Evo Morales' party claimed victory in a presidential election that appeared to reject the right-wing policies of the interim government that took power in Bolivia after the leftist leader resigned and fled the country a year ago.
Tensions between Bolivia's white ruling elite and Indigenous populations underlie current allegations of human rights abuses by an ex-president — one that are being heard in a US courtroom in what lawyers say is the first such case involving a living former head of state facing his accusers.
Unrest in Bolivia worsens as protesters want to restore a popular government that has reduced poverty rates and has given the nation’s long-neglected Indigenous people a voice. Critics see the backlash to interim president Jeanine Añez as a dangerous effort to undermine democracy.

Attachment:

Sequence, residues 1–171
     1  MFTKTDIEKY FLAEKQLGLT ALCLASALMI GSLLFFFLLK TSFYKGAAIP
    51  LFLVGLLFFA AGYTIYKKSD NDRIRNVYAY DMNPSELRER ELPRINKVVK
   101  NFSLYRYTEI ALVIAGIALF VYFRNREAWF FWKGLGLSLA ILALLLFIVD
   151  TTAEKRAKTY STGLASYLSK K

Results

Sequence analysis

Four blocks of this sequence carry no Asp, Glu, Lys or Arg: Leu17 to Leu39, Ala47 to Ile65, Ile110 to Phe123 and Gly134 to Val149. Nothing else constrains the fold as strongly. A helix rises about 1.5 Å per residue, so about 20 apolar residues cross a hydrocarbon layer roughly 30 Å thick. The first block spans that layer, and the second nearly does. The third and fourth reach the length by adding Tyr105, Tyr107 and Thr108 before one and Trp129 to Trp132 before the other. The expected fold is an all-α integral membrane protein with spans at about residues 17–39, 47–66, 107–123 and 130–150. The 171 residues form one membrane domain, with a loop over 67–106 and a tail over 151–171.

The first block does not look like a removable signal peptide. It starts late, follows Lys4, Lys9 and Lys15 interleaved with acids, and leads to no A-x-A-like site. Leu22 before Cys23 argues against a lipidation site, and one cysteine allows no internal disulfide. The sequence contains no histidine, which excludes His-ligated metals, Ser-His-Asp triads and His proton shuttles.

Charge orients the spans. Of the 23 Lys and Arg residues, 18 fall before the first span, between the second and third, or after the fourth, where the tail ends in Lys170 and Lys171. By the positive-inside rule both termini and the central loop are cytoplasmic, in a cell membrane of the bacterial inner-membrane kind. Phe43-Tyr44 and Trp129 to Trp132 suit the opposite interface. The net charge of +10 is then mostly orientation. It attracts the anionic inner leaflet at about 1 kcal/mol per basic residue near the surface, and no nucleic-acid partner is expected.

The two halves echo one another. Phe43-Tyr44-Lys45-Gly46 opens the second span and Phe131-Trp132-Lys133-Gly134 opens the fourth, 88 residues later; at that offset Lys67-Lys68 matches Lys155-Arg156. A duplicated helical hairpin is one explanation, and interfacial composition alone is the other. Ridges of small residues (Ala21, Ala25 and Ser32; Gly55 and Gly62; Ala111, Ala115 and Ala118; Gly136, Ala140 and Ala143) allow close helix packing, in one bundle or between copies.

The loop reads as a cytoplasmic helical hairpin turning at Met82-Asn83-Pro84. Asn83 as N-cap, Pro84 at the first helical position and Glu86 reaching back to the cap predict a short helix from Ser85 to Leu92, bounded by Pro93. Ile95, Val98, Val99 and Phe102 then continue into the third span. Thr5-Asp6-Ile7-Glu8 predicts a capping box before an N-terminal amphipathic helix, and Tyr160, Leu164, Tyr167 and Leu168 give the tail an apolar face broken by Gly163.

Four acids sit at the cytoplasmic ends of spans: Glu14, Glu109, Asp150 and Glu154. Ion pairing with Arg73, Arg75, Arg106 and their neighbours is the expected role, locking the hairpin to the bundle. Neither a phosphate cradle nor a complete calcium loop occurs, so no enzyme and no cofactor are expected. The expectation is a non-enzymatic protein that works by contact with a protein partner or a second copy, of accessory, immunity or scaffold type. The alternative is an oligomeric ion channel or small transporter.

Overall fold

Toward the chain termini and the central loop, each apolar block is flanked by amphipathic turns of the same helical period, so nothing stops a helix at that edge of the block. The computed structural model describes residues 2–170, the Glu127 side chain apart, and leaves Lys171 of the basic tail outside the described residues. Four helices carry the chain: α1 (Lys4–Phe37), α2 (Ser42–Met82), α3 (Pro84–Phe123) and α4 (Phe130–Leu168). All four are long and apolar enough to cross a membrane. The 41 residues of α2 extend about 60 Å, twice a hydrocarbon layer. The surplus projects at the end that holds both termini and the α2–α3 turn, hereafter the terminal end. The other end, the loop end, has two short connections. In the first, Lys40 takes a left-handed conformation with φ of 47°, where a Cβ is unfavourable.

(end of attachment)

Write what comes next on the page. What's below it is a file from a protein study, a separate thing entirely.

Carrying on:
When Evo Morales became president of Bolivia in 2006, he set out to, as he put it, claim coca’s rightful place as an indigenous crop, not a controlled substance. Now, the results of his program are reinventing the rules of the game in the War on Drugs.
Bolivian President Evo Morales is staking his bid for a third term on improving the lot of his poorest citizens. But many of those poor Bolivians work in mines, where conditions are deadly and there's little sign that anything is set to improve.
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